### Video Transcript

The equation of the following graph
is π¦ equals negative π₯ squared plus eight π₯ minus 14. Use the iterative formula π₯ sub π
plus one is negative 14 over π₯ sub π minus eight, starting with π₯ naught equals
three, to find the smallest root of the equation negative π₯ squared plus eight π₯
minus 14 equals zero to four decimal places.

Letβs dissect this question. We have a graph of a quadratic
function. Weβre looking to find the smallest
root of the equation negative π₯ squared plus eight π₯ minus 14 equals zero. So, we recall that the root of an
equation π of π₯ equals zero is the value of π₯ where the graph of π¦ equals π of
π₯ intersects the π₯-axis, and itβs simply a solution to our quadratic equation. Now, looking at the graph, we can
estimate the smallest root, the smallest value of π₯, where our graph crosses the
π₯-axis to be around 2.6. But we want a more accurate
result. And so, rather than solving the
equation using something like the quadratic formula or completing the square, we use
iteration.

Weβve been given an iterative
formula in the question, and it does look a little scary with all these
subscripts. Essentially, though, all this means
is that when we substitute a value of π₯ into the formula, the next value of π₯
comes out. So if we substitute π₯ naught into
the equation, we get π₯ one out. Then, substituting π₯ one in gives
us a value of π₯ two and so on. The more we apply this process, the
closer we get to the actual solution. So, letβs see what it looks
like. Our first job is to start with an
initial value of π₯ naught. Sometimes our starting value will
actually be π₯ sub one, but it doesnβt really matter; the process is the same.

According to the question, our
starting value is three. Notice that this is quite close to
the estimate for the root of the equation we initially read from the graph. This will usually be the case. Our next job is to substitute π₯ π
into the formula to get π₯ π plus one out. Well, weβre going to substitute π₯
naught in to begin with, so weβre going to get π₯ one out. π₯ naught is three. So, the first calculation weβre
going to do is negative 14 over three minus eight. That gives us a value of π₯ one
equals 2.8.

Next, we ask ourselves, is π₯ π
equal to π₯ sub π plus one to the required degree of accuracy? Here, thatβs correct to four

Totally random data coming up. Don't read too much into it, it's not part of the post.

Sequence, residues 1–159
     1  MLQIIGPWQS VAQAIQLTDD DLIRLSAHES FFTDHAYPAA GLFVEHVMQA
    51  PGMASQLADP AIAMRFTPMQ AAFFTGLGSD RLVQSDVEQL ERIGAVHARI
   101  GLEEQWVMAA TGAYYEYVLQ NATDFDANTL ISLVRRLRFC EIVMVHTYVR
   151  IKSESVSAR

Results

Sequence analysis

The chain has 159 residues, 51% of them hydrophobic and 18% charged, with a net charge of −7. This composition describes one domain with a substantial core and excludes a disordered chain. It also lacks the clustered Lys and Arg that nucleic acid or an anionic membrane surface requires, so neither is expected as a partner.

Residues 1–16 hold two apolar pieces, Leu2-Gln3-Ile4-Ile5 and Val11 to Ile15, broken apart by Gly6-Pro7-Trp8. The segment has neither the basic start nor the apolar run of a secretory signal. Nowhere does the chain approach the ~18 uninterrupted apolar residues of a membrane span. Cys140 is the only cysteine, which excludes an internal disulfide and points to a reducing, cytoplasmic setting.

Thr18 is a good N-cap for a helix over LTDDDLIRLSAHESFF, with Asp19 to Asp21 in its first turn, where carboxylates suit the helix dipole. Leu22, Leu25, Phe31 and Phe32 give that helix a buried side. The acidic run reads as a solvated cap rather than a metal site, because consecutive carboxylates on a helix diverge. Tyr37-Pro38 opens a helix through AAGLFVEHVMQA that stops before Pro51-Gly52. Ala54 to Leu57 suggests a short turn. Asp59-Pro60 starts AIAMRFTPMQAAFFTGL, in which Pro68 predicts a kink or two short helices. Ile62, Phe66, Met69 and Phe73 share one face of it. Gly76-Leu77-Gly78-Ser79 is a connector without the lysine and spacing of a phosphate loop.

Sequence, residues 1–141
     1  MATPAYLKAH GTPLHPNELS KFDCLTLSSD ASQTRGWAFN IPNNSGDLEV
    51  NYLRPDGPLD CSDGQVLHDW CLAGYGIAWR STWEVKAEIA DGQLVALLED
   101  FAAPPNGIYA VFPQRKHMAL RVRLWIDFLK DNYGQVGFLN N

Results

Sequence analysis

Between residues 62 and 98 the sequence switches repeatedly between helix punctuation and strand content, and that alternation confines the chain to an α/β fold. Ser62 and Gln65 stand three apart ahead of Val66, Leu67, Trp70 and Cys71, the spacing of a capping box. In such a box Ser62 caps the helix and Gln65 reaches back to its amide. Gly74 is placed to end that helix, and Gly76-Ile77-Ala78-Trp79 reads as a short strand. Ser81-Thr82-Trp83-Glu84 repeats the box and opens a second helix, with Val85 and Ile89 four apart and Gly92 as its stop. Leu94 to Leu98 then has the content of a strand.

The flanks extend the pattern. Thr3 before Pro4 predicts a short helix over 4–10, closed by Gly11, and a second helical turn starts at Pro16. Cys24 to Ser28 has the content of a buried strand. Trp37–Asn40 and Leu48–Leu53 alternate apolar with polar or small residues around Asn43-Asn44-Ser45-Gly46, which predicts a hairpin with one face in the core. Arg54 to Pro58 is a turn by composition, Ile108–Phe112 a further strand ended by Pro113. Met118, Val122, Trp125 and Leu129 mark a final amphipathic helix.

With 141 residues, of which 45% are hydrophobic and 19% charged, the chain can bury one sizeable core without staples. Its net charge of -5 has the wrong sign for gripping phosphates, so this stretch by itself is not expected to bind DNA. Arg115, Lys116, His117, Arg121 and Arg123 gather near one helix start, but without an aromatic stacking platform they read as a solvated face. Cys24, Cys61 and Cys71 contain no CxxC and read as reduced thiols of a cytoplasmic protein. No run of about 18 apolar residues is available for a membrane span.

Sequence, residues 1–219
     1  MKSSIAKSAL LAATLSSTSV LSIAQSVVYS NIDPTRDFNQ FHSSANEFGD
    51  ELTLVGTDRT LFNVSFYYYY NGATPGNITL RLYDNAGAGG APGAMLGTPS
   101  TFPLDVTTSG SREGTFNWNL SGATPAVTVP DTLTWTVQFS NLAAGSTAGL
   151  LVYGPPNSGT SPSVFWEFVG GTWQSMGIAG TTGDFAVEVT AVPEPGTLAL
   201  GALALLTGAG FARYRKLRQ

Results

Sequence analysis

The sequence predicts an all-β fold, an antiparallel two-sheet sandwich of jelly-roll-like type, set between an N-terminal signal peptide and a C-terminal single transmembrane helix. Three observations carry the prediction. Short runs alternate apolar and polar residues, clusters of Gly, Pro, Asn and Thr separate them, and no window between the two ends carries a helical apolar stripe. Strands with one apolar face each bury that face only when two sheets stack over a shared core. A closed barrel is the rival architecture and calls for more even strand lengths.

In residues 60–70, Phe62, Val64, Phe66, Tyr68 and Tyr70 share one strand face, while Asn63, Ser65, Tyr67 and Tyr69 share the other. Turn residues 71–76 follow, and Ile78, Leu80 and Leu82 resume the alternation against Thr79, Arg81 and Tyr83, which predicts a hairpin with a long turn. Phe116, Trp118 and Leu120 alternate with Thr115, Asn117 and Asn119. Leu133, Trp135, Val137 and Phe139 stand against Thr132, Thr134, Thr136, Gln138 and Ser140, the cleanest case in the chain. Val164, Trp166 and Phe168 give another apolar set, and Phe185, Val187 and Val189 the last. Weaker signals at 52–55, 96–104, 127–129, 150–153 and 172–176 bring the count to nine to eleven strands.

decimal places. Well, π₯ naught and π₯ one arenβt
even written to four decimal places, let alone equal to one another. And so we answer no, and we go back
to step two. The moment we can answer yes is
when we know weβre finished. Going back to step two and we see
that substituting π₯ one into our formula will give us our value for π₯ two. We found π₯ one to be 2.8, so we
get π₯ sub two is negative 14 over 2.8 minus eight. Note, though, that if you have a
previous-answer button on your calculator, now is a really good time to use it. Weβre going to be performing this
calculation several times using the previous answer, so itβs a bit of a time
saver.

π₯ sub two is 2.69230 and so
on. Step three, once again, we ask
ourselves, is π₯ one equal to π₯ two? Well, no, theyβre not even correct
to one decimal place. So we go back to step two. We work out the value of π₯ three
by substituting the value of π₯ two into our equation, giving us 2.63768. Once again, comparing these to four
decimal places, we see π₯ two is not equal to π₯ three, and we continue. π₯ four is negative 14 divided by
π₯ three minus eight, giving us 2.61081 and so on. Notice that each time, where
possible, Iβm writing the first five digits after the decimal point. This means I can compare the
answers when theyβre rounded to four decimal places.

Continuing, we get π₯ five is
2.59779, π₯ six is 2.59153, and if we keep going all the way down to π₯ sub 11, we
still answer no to step three. π₯ sub 10 and π₯ sub 11 are indeed
equal to one another to three decimal places but not to four. However, performing the calculation
one more time, that is, negative 14 over the value for π₯ sub 11 minus eight, gives
us 2.58585 and so on. Correct to four decimal places, π₯
sub 11 is 2.5859. And similarly, the five tells us to
round the eight up to a nine, and π₯ sub 12 is also 2.5859 correct to four decimal
places. Weβre now able to answer yes to
step three. And so, we stop here, and we say
that, correct to four decimal places, the smallest root of our equation is π₯ equals
2.5859.

Note, though, we could substitute
this value of π₯ into our original equation. When we do, we get 0.00032119 and
so on. This is very close to the required
value of zero, so we can assume that what weβve done is correct. Now, there is something really
interesting happening here, though. If we were to continue applying the
iterative process, weβd notice that the next few values of π₯ sub π and π plus one
are all equal correct to four decimal places. But theyβre now 2.5858. Essentially, this is just a more
accurate solution to our equation. Of course, following the rules, we
end up with π₯ equals 2.5859, and thatβs absolutely fine.